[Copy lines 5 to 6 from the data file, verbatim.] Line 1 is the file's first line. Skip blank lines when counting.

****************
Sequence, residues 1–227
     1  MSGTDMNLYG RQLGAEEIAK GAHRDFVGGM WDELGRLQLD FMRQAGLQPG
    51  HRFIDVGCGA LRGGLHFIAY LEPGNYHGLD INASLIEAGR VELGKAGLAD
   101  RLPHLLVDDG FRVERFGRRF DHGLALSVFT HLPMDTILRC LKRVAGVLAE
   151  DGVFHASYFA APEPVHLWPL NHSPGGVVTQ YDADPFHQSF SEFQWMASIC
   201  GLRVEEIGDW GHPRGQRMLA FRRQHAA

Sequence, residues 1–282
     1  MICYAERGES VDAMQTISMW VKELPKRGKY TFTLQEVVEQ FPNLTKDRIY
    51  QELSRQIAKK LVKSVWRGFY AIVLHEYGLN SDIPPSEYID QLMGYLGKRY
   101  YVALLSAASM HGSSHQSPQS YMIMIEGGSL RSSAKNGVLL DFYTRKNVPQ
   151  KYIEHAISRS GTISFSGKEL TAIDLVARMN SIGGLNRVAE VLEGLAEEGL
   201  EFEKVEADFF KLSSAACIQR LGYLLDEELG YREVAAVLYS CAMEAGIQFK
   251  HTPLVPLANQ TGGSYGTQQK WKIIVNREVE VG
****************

   151  DGVFHASYFA APEPVHLWPL NHSPGGVVTQ YDADPFHQSF SEFQWMASIC
   201  GLRVEEIGDW GHPRGQRMLA FRRQHAA